BYU nursing students are taking the lead in the new movement to care for struggling refugees.
Approximately 70,000 refugees came to the U.S. last year. They came from countries terrorized with war and political disturbances.
Once in Utah, refugees may struggle with issues ranging from knowing which foods to refrigerate to finding affordable health care.
BYU is responding to refugees’ needs by sending some of its students to help the refugee families.
As part of the clinical practicum for the nursing spring course, Public and Global Health Nursing, BYU nursing students travel to Salt Lake where they meet with refugee families from around the world.
These students will help the families by teaching them valuable skills and helping them to adjust to life in the United States.
“Some of the places we go, I feel like I’m not even in Utah,” said nursing student Michelle Dickey. “It’s just a completely different situation than I’m used to living in or used to seeing.”
Five pairs of students are currently in the program. Each pair works with three families from around the world.
“We have to keep in mind in this course ‘through small and simple things,’ because these are overwhelming problems that these families have and we may only be able to tackle a small thing,” said Debbie Edmunds, one of the faculty advisers in charge of directing and helping the nursing students. “But it can make a big difference in the life of that person.”
This program isn’t just making a big difference in the lives of the refugees; it is impacting the students as well. Nursing students Michelle Dickey and Elisabeth Young said this experience has been an “eye opener.”
“It’s just been really cool seeing how strong just humans are, even in really tough situations,” Dickey said.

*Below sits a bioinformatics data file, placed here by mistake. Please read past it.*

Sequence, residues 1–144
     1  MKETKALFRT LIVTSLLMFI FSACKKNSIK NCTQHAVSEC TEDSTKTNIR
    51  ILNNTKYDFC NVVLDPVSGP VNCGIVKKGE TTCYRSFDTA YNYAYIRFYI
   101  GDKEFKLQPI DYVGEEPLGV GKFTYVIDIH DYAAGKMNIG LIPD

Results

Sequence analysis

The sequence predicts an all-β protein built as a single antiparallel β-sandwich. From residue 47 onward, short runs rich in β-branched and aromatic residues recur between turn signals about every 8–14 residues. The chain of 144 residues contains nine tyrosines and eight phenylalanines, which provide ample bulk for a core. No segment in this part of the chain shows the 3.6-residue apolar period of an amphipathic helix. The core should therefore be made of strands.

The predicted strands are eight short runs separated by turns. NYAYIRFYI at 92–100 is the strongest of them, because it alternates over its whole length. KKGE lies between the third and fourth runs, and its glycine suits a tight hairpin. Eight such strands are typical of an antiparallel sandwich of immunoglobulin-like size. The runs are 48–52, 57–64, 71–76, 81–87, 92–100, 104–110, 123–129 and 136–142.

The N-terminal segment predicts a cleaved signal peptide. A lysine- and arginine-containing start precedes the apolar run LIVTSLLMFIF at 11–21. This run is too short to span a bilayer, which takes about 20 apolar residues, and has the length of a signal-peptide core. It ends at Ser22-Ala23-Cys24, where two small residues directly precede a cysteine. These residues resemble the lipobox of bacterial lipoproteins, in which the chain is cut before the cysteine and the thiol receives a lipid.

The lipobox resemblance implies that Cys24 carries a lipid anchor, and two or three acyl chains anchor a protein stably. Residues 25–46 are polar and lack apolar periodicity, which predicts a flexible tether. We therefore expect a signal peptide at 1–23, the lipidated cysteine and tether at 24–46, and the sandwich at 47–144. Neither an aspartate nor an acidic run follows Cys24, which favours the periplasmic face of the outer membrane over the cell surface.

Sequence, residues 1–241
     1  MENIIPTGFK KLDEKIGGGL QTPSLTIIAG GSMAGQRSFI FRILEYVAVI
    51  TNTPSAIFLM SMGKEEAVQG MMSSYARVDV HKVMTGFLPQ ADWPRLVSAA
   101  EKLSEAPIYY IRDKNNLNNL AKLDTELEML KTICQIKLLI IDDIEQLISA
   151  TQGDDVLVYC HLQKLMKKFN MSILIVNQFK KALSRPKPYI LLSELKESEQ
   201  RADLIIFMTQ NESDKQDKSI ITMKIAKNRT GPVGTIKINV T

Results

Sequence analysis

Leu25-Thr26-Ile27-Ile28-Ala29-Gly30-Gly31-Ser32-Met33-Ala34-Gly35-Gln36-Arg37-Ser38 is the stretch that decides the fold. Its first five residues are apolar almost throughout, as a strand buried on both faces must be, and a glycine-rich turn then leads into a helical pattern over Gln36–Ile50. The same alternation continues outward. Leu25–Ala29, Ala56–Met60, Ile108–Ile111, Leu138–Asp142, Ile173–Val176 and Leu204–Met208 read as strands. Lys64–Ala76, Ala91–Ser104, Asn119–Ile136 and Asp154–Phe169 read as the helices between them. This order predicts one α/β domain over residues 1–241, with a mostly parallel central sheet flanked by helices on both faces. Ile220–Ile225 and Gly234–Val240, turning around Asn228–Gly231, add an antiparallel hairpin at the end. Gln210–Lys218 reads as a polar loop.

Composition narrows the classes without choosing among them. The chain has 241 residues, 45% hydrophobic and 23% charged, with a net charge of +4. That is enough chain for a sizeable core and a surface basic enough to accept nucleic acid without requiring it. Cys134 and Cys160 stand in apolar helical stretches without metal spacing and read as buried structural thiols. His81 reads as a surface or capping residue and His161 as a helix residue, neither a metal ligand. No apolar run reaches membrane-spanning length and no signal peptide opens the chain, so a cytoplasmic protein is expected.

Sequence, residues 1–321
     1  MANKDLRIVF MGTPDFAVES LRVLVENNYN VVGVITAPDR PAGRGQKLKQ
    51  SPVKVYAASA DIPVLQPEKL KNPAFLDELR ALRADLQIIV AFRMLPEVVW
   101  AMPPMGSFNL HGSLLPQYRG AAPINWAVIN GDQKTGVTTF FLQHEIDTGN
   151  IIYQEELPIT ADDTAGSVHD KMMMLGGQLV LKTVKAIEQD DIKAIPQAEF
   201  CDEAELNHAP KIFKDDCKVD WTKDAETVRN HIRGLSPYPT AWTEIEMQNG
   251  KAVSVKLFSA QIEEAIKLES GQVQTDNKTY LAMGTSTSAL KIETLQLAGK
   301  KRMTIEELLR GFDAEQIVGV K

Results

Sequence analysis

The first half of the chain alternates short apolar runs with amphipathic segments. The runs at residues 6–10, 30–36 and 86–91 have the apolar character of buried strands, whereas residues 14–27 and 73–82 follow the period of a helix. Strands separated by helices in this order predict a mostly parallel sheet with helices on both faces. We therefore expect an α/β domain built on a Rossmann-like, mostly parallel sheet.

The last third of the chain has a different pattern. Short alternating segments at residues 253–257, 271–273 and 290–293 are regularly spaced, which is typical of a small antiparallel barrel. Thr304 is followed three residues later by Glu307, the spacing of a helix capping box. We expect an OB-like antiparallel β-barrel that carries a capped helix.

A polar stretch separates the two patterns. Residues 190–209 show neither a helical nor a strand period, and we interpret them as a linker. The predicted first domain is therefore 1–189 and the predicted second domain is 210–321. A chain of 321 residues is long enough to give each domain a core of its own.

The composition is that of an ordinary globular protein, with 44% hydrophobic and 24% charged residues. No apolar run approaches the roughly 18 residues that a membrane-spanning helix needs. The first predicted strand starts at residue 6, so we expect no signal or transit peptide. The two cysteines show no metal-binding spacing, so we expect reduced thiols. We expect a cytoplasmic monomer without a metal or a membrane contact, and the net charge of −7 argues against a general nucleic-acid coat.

Edmunds says she has been able to see a change in all of her students during the program.
“I think the students … become very culturally sensitive,” Edmunds said. “They become very aware of the blessings that we have, where we live and the circumstances that we live in, and they are very surprised at what a culturally rich experience this course is.”
However, the course is not without its challenges. Language is a major barrier for the nursing students. Many times refugee families don’t speak English and a translator isn’t available.
“We want to do things that are truly meaningful and that will really help them, and it’s kind of hard to pinpoint what those things are,” Young said.
Dickey and Young are only able to communicate with one of their families through an 8-year-old son.
“I wouldn’t ever think that I would be so so grateful for an 8-year-old, but when we showed up and this kid was there and he could speak English, it was such a huge relief,” Young said. “He’s a lifesaver. He’s the one that is translating for us.”
However, according to Dickey, “You never know exactly what he is telling his parents.”
Even with these barriers, the nursing students are doing a lot of good. After presenting their work with refugees at a refugee conference, Edmunds was told, “BYU is way ahead of other people; this should be happening all around the world.”
Many resources are available for others to get involved and help refugees. However, not everyone has the nursing background available to help in the same capacity as these students.
“Some (refugees) have been able to adjust better than others,” Dickey said. “Maybe our biggest job is just helping to make that adjustment a little bit easier. Even when you feel like you can’t do a ton, just being a friend or being someone that they can talk to helps a lot.”